If you gain 10 pounds of muscle while maintaining the same body weight, you can expect a significant reduction in your body fat percentage, 3 percent or more. If you want to lose weight while gaining muscle, you must reduce your overall caloric intake and engage in a regular workout routine that includes both aerobic and resistance exercises.
Reduce your caloric intake. It takes a deficit of 3,500 calories to lose 1 pound of fat. Limiting portion sizes is one way to reduce total calorie consumption.
Eat more fruits, vegetables, legumes and whole grains. By volume, you can eat more high-fiber foods than refined grains, refined sugars and other processed foods to get the nutrients you need and satisfy your hunger.
Cut back on fats, especially saturated and trans fats. By restricting your intake, you eliminate unneeded calories from your diet, helping you reach a deficit and reduce body fat.
Limit your intake of refined sugar. Refined sugars don’t add nutritional value to your food, yet they increase your caloric intake.
Drink plenty of water. Water consumption helps you minimize your caloric intake at meals, as water contains zero calories.
Do aerobic exercises -- such as jogging, biking, swimming or brisk walking. Exercise increases caloric expenditure. Aim for at least 30 minutes of moderately intense activity most days of the week. To burn fat faster, workout 60 minutes most days of the week, recommends the National Institute of Diabetes and Digestive and Kidney Diseases.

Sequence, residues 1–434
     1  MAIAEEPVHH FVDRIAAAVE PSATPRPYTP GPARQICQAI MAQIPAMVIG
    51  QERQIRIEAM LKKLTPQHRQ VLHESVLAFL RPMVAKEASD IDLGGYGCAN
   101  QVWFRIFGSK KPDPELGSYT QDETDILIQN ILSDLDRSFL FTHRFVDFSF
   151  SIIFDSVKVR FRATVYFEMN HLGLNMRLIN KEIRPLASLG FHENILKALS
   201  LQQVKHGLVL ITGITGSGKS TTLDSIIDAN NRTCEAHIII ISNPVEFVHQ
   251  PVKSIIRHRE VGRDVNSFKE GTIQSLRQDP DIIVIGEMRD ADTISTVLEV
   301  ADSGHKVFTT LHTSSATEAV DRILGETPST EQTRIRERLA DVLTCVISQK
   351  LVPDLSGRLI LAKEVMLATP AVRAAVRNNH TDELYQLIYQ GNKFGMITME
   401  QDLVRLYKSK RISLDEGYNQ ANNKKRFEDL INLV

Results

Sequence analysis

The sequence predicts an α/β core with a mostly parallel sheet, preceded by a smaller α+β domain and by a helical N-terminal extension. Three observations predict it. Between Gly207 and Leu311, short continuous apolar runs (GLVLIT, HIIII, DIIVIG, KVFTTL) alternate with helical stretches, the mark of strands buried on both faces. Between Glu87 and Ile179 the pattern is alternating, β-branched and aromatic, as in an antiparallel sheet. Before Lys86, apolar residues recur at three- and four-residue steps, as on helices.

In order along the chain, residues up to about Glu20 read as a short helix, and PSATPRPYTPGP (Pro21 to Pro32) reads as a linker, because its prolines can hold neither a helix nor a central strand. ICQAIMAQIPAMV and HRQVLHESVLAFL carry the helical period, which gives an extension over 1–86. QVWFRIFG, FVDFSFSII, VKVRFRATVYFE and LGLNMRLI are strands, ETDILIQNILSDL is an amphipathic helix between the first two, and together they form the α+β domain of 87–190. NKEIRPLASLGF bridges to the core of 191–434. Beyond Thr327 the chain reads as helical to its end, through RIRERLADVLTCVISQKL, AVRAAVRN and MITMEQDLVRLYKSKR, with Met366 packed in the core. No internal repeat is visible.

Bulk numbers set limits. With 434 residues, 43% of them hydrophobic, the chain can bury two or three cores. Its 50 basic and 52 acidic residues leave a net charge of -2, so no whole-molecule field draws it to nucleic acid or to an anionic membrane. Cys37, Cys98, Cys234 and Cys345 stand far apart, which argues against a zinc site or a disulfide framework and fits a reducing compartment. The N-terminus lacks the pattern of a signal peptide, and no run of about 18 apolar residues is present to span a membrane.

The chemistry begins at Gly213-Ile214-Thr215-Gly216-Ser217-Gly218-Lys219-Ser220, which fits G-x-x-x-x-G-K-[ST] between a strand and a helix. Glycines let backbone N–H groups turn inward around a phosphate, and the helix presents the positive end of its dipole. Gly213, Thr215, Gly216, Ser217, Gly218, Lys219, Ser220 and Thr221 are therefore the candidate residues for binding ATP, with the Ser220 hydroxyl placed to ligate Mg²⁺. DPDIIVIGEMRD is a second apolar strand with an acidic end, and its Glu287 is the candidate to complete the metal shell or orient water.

Involve yourself in a competitive sport. For many people, it’s often difficult to get 60 minutes of straight exercise a day. To help you reach this goal, engage in a sport you enjoy -- such as tennis, racquetball, soccer, basketball, football, field hockey or baseball. As long as you're moving, you’re burning calories, which can help you reach the deficit to reduce your body fat percentage.
Incorporate strength training into your workout routine. Lift weights, work with resistance bands or simply use your own body weight to increase the workload placed on your muscles. Two to three days a week is a good goal for strength-training activities.
Example: If you weigh 185 pounds with a lean body mass of 155 pounds, you have a total body fat percentage of 16 percent. If you lose 7 pounds, your body fat percentage drops to 13 percent, hitting your goal of 3 percent fat reduction. However, if you maintain the same weight while gaining 10 pounds of muscle, your body fat drops to 11 percent, a 5 percent body fat reduction by exchanging fat for muscle.